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Upside limited in our opinion

(February 24, 2002)

Another stunning reversal last Friday as the Dow shot up 133 points while the Nasdaq managed to eke out an 8-point gain. The rally was unimpressive, however, as the rally more or less fizzled towards the close (the Dow had been up more than 160 points and the Nasdaq more than 20 points earlier). Coupled with the following chart, the picture is even more bearish.

DJIA Price and NYSE Volume Information (November 1, 2001 to February 22, 2002)

As one can see, volume remains pathetic during the latest rally. What has been keeping this latest rally intact is the lack of selling, not the volume of buying from the "bargain hunters." Confidence of the mom and pop holders remains intact (and only in the Dow) but one of these days (and we believe it could come as soon as this week or next week if window-dressing comes out in force) this whole thing is going to fall apart. We maintain Friday's rally was due to panicky short-covering.

All around the Dow, other indices have been making new lows. Take the Nasdaq and S&P 500, for example. The former hasn't been this low since late October and the latter about the same time. We believe what little money out there is being funneled into the Dow. As a safe-haven so to speak.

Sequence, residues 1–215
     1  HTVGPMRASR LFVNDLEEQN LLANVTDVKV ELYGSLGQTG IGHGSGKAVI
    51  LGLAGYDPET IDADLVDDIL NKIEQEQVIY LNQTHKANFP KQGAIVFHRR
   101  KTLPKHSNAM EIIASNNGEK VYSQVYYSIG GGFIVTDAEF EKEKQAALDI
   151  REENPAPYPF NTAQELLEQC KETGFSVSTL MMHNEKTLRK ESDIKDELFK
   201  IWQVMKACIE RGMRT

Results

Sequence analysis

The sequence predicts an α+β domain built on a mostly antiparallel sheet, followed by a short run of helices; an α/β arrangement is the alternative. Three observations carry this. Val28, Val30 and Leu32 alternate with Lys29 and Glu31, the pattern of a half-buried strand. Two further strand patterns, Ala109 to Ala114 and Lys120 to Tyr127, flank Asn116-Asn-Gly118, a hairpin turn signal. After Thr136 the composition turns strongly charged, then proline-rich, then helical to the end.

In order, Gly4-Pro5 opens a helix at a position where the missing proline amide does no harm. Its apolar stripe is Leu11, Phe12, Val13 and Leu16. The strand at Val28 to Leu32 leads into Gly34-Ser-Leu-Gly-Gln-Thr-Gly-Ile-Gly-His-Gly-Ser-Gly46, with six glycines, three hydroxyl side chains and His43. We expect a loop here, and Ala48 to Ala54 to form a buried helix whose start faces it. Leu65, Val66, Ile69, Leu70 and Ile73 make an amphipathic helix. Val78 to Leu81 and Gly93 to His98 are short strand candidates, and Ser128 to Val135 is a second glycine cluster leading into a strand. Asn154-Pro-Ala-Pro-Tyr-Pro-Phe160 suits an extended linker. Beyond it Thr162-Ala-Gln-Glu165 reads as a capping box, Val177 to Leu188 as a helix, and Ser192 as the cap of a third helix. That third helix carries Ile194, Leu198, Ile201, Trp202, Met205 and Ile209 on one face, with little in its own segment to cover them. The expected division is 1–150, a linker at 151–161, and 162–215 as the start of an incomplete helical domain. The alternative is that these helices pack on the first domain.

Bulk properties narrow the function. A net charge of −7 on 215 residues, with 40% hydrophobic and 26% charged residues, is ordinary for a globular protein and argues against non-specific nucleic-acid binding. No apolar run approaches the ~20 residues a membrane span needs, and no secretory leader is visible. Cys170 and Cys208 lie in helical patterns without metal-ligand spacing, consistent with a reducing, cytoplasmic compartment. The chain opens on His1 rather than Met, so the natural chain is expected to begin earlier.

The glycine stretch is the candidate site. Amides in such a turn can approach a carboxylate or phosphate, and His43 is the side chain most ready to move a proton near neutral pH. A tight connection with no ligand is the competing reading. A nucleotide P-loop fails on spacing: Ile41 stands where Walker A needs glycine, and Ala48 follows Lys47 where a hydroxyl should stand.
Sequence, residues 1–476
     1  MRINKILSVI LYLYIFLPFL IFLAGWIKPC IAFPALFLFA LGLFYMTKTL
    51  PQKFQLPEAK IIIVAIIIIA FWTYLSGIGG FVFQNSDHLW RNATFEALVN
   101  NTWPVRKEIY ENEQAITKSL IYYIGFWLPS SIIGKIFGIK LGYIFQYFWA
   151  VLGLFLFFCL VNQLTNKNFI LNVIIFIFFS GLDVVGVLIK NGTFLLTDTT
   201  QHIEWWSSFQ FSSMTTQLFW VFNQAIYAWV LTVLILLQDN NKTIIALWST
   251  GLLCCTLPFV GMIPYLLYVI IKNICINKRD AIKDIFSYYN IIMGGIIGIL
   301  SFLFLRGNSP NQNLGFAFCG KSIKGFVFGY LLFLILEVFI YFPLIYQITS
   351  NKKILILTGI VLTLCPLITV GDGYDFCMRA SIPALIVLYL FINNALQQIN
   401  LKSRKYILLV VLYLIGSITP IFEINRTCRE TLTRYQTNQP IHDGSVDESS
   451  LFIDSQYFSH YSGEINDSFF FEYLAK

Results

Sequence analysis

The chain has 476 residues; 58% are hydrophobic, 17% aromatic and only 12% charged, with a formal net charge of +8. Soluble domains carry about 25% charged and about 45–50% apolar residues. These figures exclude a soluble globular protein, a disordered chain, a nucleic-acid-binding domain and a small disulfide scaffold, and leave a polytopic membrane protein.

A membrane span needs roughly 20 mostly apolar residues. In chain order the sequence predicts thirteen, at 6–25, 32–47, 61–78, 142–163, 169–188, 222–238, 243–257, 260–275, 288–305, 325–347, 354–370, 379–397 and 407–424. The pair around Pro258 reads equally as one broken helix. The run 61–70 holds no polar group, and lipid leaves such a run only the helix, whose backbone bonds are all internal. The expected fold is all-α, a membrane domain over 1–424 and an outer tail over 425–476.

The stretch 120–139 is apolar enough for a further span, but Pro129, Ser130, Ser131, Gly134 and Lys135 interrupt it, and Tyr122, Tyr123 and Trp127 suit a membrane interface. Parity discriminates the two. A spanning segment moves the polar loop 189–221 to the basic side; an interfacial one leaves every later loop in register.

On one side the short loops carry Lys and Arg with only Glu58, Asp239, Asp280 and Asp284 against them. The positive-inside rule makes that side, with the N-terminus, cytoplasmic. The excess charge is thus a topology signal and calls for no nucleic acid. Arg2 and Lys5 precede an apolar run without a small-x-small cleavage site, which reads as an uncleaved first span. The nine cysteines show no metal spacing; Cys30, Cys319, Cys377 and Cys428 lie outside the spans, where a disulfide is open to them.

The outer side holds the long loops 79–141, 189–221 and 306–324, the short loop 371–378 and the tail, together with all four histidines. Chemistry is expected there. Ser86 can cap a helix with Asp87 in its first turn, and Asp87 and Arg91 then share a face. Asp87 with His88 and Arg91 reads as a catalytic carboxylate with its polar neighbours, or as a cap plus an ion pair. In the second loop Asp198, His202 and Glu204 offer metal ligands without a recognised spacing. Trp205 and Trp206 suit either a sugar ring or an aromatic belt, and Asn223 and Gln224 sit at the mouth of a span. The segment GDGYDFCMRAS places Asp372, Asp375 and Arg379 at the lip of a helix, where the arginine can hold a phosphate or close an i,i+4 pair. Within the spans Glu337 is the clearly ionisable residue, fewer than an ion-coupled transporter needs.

The latest stock to fall from grace on Friday was JP Morgan Chase. The world's premier gambling den with a notional value of derivative holdings of more than $40 trillion. An integral part of the Dow-leaving literally only 15 stocks to support the Dow. They are: MMM, HD, WMT, BA, AA, JNJ, GM, PG, HON, CAT, UTX, DD, MO, DIS and XOM. All the other components have literally broken down or are making new lows as we speak.

The question is: Which stocks will be next? We honestly have no clue but one thing we do know is that Home Depot is reporting earnings Tuesday after the close. Its counterpart, Lowe's (LOW) reports Monday morning before the market open. Both are expecting strong earnings and we believe guidance will also be good going forward. The question is "how good?" Will investors be satisfied? Will there be more buyers to drive the price up? The story will be revealed during trading tomorrow for LOW (and consequently, HD as well). However, let's take a look at LOW's latest chart:

Closing Price of LOW and Volume Information (October 1, 2001 to February 22, 2002)

Not unlike the Dow, the volume that sustained the latest rally in LOW has been pretty pathetic. We wonder where the additional buyers will come from? After all, all the people who have bailed out of technology and financial stocks have already bought stocks like LOW, HD, and a selected batch of Dow components as a safe-haven. To find more buyers from this pool would mean the inverse relationship of the Dow and the Nasdaq has to hold going forward. Dow 10,300 and Nasdaq 1,600? We do not believe so. Either the Dow has to decline or the Nasdaq will rise from here, and you know which direction we are betting on.

What we believe we are seeing is an exhaustion of buyers. The only reason the Dow hasn't declined yet has been the lack of sellers and the manipulation of certain big interests. Half of the Dow component has broken down. Could we see one more Dow component break down in the next few days? Time will tell.

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